Universal Basic Income needs a rebranding.

It’s weird to be so attached to capitalism that you would accept a world with a few mega-rich robot owners and billions of unemployed poor. That’s where we’re headed.

I’d rather people think about capitalism as a bootstrapping strategy for an idyllic robot future.

That’s why people have started to talk about universal basic income (UBI).

But a lot of those people, especially in tech, are not telling the story in a compelling way. The current tech message of automation replacing jobs and UBI replacing salaries sounds like this to the future unemployed worker:

“Your life will no longer have any meaning… but you’ll be well fed.”

That is not an optimistic future. So you can’t just say UBI and be done with the conversation. You have to keep going. What do people in this UBI future do? What is their life purpose?

Even before life purpose, I think Americans in particular struggle with the idea of a handout. We’re culturally wired to believe in hard work and earning your keep.

So, here’s a take on a different framing. What if you called it a dividend?

Conceptually, Uber is going to put a lot of drivers out of work in a few years. Uber did a lot of the direct work to make that happen and they are going to make a lot of money for it. But the country did a lot of indirect work to make Uber happen. What is our ownership stake in Uber? And as citizens, what is our dividend on those profits?

So, that’s the first flip. Instead of saying handout, say dividend.

I also wonder if you need to tie work to the dividend. Americans like to work. It’s an issue of morality for us.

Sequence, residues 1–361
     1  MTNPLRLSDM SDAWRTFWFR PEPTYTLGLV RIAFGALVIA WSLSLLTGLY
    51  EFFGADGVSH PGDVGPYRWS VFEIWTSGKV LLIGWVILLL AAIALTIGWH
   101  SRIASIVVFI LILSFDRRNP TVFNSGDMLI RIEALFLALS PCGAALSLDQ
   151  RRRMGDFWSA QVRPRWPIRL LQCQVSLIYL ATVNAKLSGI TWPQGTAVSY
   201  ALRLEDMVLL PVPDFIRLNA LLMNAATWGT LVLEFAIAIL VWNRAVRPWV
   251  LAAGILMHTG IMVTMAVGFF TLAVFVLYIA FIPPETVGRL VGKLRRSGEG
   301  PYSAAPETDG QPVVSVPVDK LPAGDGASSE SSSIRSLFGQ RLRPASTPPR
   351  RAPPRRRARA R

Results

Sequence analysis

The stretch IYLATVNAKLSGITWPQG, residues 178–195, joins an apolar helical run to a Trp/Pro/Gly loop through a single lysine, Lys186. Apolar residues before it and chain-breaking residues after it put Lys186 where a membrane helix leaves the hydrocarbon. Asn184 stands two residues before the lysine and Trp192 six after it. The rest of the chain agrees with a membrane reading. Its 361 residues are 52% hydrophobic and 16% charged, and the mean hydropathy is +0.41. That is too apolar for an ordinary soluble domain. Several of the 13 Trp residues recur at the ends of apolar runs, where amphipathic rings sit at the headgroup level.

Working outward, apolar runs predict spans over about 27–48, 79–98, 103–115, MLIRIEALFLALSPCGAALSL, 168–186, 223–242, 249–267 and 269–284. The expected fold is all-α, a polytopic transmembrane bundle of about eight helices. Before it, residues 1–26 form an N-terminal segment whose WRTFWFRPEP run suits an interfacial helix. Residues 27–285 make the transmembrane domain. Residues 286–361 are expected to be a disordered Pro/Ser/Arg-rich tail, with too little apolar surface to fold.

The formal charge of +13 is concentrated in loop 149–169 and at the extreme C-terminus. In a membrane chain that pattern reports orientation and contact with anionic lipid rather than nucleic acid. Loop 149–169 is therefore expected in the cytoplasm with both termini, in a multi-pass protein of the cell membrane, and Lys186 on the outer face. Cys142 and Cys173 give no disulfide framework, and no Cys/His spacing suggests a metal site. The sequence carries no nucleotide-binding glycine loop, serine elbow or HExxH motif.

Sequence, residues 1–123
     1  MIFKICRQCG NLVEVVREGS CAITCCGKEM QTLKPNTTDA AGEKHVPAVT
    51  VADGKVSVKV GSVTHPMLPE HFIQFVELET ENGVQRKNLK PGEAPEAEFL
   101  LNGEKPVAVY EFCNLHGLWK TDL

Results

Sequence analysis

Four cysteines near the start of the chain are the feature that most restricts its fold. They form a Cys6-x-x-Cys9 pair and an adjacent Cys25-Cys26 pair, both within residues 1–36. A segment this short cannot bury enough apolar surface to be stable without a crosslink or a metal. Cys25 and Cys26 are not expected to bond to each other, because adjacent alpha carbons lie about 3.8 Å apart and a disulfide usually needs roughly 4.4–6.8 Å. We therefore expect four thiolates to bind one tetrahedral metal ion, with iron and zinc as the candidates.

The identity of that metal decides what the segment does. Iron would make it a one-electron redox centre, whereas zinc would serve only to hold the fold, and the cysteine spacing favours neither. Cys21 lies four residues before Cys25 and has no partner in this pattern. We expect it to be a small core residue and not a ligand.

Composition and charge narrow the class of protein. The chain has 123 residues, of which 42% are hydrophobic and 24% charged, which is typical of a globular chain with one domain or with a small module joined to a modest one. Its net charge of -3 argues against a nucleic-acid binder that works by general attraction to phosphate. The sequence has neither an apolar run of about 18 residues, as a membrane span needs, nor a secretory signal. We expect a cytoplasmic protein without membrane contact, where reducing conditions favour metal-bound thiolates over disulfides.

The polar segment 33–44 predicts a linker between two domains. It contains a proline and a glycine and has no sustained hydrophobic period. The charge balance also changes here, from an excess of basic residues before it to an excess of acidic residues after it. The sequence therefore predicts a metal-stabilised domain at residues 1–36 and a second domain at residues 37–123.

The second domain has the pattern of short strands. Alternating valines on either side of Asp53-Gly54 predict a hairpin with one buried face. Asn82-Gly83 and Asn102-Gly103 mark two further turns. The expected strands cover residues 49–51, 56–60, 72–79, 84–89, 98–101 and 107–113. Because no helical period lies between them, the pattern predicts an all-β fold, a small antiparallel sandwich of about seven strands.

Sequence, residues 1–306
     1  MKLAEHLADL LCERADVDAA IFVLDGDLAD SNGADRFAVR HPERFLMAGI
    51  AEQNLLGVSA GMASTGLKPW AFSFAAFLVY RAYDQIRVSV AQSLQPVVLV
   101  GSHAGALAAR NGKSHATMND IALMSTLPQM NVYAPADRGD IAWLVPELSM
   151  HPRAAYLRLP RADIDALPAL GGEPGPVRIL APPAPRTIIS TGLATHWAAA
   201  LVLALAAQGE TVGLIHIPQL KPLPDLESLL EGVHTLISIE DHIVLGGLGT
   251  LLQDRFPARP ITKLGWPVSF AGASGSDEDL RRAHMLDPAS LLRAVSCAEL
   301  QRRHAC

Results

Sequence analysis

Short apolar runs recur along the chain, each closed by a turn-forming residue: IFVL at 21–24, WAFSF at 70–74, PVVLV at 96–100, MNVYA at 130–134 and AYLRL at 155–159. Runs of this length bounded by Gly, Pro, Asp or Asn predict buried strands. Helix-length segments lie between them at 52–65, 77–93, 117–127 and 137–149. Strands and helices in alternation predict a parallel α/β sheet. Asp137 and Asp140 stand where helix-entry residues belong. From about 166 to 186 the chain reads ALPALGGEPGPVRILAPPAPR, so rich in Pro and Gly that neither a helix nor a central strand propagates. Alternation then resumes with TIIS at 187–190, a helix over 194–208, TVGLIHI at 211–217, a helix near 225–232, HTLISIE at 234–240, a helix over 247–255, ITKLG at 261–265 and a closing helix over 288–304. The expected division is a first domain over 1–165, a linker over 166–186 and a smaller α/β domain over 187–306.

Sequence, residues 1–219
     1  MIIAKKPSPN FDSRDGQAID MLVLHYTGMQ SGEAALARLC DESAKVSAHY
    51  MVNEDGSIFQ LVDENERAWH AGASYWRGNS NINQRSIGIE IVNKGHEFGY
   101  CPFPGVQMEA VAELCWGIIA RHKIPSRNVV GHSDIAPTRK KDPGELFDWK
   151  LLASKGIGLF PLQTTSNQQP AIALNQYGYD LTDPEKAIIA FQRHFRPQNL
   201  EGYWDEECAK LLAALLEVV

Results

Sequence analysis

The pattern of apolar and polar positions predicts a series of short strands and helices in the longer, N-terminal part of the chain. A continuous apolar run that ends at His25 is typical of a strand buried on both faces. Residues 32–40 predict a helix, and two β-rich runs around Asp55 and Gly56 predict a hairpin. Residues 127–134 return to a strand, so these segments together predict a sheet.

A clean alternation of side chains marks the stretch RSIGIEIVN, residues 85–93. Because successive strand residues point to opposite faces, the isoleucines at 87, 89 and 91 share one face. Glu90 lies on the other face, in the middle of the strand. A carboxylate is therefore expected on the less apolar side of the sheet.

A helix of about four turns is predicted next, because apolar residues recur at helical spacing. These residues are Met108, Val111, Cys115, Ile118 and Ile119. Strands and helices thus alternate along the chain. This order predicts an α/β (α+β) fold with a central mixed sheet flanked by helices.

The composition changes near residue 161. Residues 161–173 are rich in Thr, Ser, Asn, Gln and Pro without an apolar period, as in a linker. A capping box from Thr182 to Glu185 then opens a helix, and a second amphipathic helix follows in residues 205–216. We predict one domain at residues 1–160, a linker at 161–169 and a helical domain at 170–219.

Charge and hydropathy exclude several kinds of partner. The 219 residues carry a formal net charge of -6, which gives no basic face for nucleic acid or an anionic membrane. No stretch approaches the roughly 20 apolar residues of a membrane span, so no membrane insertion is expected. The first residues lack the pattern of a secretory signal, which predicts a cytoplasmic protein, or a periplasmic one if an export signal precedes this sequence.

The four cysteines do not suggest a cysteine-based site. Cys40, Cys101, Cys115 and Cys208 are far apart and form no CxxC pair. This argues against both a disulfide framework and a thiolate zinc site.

So what if we called UBI a “service dividend” and we gave it out for all acts of service that help the country including raising children, holding a job (possibly this dividend could be an alternative to minimum wage), volunteering, taking preventative health measures, making works of art, etc.

I use this talking point to start a discussion and try to get UBI fans to go one step further.

Hillary Clinton, the person, was a fantastic candidate. Your problem was with the institution of Hillary Clinton.

Tons of left-wing partisans bag on Hillary Clinton and they do it in a way that attacks her as a person. Maybe some of that is sexist. Actually, probably a lot is sexist. But it’s not always clear how to make that case to one of your friends about themselves.

So this is a different angle.

Hillary Clinton overcame 30 years of targeted, negative press from the opposition party. All of it was fake and driven by dirty politics. And despite that, she got far enough along that she was a presidential candidate who won the popular vote.